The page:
Coming through a contentious election year has left our nation bloodied and divided. Echoes of threats, accusations, false promises, and general character assassination continue to ripple through our minds like the relentless surge of waves on a seashore. The election is over. But the healing of deep wounds inflicted has just begun.
The church has not been immune to the vicious crossfire. Members of congregations point fingers at each other questioning the sanity and Christian commitment of those who aligned with the opposite political party. A rerun of Corinth is being played out in churches all over the Houston area as pious folk declare, “I am of Paul”, or “I am of Cephus”, or even “I am of Christ.” It’s ugly. It’s hurtful. And it’s unbiblical.
It is time for us to review the powerful, practical words penned by James early in the first century. He does not mince words to his scattered flock when he writes, “The tongue is a small part of the body, and yet it boasts of great things. See how great a forest is set aflame by such a small fire!”
Indeed, compared to the rest of the physical body, the tongue is tiny. It weighs, on average, just two ounces. But the boasts proclaimed by this minute muscle can cause relational damage greater than any California wildfire. Accordingly, James continues on to say, “The tongue… is the very world of iniquity; the tongue is set among our members as that which defiles the entire body and sets on fire the course of our life and is set on fire by hell.”
We have all witnessed the emotional scars carved by an uncontrolled tongue. Some, regrettably, have been inflicted by fellow believers. James saw the same disturbing activity in the addressed assemblies, and he lamented, “My brethren, these things ought not to be this way.”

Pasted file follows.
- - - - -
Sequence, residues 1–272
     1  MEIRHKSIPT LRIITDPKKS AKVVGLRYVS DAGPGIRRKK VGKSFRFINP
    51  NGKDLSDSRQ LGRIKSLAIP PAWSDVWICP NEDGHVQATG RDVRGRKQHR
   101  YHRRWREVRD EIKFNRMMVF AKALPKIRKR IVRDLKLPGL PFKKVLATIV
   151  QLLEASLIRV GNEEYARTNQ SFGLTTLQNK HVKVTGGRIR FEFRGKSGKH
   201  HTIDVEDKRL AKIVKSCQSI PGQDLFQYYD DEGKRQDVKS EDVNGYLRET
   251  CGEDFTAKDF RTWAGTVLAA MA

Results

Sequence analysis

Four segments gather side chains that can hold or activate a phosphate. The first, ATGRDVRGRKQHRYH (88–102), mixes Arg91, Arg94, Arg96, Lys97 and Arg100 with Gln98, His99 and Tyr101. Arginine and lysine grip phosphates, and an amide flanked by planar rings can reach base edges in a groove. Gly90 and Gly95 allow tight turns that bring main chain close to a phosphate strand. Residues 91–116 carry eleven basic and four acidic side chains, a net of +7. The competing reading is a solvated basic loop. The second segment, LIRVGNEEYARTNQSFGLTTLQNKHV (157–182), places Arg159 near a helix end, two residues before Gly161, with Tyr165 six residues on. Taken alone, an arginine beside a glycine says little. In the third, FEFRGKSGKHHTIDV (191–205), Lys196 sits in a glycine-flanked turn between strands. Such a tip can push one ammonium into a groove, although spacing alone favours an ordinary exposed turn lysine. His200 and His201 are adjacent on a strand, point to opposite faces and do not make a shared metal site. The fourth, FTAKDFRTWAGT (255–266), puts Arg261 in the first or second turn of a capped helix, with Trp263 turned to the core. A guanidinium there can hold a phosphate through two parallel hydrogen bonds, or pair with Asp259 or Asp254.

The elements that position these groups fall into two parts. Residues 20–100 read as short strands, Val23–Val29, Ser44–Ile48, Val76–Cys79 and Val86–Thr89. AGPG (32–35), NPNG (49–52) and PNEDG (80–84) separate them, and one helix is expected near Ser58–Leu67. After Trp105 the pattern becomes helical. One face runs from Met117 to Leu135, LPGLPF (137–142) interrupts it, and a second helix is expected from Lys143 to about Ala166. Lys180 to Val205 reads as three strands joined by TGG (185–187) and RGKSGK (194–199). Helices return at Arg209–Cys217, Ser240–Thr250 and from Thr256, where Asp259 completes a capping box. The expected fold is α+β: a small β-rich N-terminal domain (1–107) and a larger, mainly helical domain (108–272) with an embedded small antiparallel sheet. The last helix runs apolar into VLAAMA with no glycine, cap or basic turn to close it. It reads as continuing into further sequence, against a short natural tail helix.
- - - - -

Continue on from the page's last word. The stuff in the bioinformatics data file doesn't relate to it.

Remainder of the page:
If our nation – and our churches – are to heal from the carnage of the past few months, those who claim the name of Christ must lead the way. And it requires a conscious, continuous, relentless effort to each hold our tongues in check. Our mouths cannot be used to bless God and spew venom at the same time. It cannot be the fountain of both praises and sewage. Like a bit in the mouth of a horse, it has to be harnessed. Not next year. Not next month. Now.
Like a wild stallion violently bucking a cowboy seeking to break it, our tongues will seek to spit the bit. The sewage will leak. James admits, “No one can tame the tongue” —at least perfectly. But the sanctifying goal remains. The bit goes in. The tongue gets tamed. The wounds get healed. And God is glorified.
If you have a desire to become equipped for ministry, come check us out at the College of Biblical Studies. Founded over forty years ago, CBS is a multi-ethnic, accredited, and affordable Bible College equipping the next generation of Christian leaders for the church. You can get more information at , or by calling 713-785-5995.
Paul Nyquist, Ph.D.
Vice President of Discipleship
College of Biblical Studies